For the purpose of this analysis, capacity is defined as throughput speed for a single shift usage. Most vendors recommend a duty cycle for these devices at between 40 and 60% of this capacity. 6 Based on HP published printer purchase amortized over 48 months, maintenance, and supplies at 5% toner coverage per page. 7 Output Assessment Tools May Lower Output Costs 40 Percent. Gartner Group, February 2003 All material contained in this document is the property of Pharos Systems International. This document may not be reproduced in whole or in part and may not be distributed without the written consent of Pharos Systems International.

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Market Position – July 2003

Pharos Systems International

lived. More importantly, implementing a document output asset solution does not directly impact and therefore jeopardize core business processes. We are aware of no other cost savings opportunity this significant with this little impact to business operations and this ease of implementation.

Execution Many organizations can implement these programs themselves with a minimal investment in software and staff training. The technology is relatively straight-forward and the skills already available within the institution to reduce the output assets and renegotiate contracts. However, we typically see organizations relying on consultant specialists to analyze and provide recommendations on output consolidation. This model has less impact on the short-staffed IT resources and the dual advantage of experience and independence for the company. Developing Market Capacity to Support

Most copier and printer manufacturers as well as document outsourcing companies are providing some level of document output assessment consulting services. While these organizations know more about output equipment and usage profiles than other service providers, they do have the negative incentive of also selling output devices in addition to this consulting service and can be viewed as biased. Several independent consultants are beginning to see this market opportunity and establish business consulting practices around document output asset management. Several are offering cost savings “sharing contracts” to reduce the risk and upfront costs to the target organizations. While these consulting groups are emerging, there is still less capacity to provide this important consulting service in the market than demand would justify. We anticipate an increasing focus on this consulting opportunity over the next several quarters as this opportunity proves itself throughout end customer sites. Key Business Processes Creating Additional Demand

This market for document output infrastructure and management tools is also being aided by vertical industry requirements for document accounting anc control applications. Among these requirements are: ƒ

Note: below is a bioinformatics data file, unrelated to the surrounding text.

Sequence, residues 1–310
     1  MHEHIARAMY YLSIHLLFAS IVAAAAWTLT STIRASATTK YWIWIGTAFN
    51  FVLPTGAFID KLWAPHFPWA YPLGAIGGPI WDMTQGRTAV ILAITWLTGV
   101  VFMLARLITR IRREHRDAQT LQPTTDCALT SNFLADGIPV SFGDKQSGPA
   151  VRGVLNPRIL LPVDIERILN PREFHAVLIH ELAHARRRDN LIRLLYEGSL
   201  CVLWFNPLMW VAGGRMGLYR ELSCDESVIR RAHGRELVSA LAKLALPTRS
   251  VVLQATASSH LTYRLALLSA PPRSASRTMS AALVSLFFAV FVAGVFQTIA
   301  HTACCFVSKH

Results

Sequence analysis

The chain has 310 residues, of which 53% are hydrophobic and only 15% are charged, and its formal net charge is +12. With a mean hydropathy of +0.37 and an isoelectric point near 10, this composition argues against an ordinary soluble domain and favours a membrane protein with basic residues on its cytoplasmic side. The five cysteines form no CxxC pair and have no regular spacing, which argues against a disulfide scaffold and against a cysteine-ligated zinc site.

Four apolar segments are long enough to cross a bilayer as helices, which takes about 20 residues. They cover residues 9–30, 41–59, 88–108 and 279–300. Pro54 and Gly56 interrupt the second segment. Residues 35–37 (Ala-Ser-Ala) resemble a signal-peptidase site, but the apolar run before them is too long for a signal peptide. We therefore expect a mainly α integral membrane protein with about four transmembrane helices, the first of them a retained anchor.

Print Cost Recovery

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Client Chargeback

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Security

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Department Billback

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Outsourcing Audit and Control

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Business Process Output Assurance and Tracking

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Waste Reduction

All material contained in this document is the property of Pharos Systems International. This document may not be reproduced in whole or in part and may not be distributed without the written consent of Pharos Systems International.

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Market Position – July 2003

Pharos Systems International

The significant cost savings opportunities that are available to organizations by better managing document output devices will begin to become commonplace. This will elevate the importance and real costs of document output management within the IT Asset management organization and create additional focus and demand for the above services. Summary

Document Output management represents a significant cost savings opportunity for organizations and institutions of all sizes. They simply need to acknowledge the opportunity exists and do something about it. Pharos Systems has the software and services available to make this the easiest IT improvement project you’ve ever done. Let’s start today! (www.pharos.com)

References Managing Print Costs with Usage Based Solutions, Gartner Group / November, 2002 The Page Wars: Copiers are Losing the Battle, Gartner Group / January 2001 Output Assessment Tools May Lower Output Costs 40 Percent, Gartner Group / February 2003

All material contained in this document is the property of Pharos Systems International. This document may not be reproduced in whole or in part and may not be distributed without the written consent of Pharos Systems International.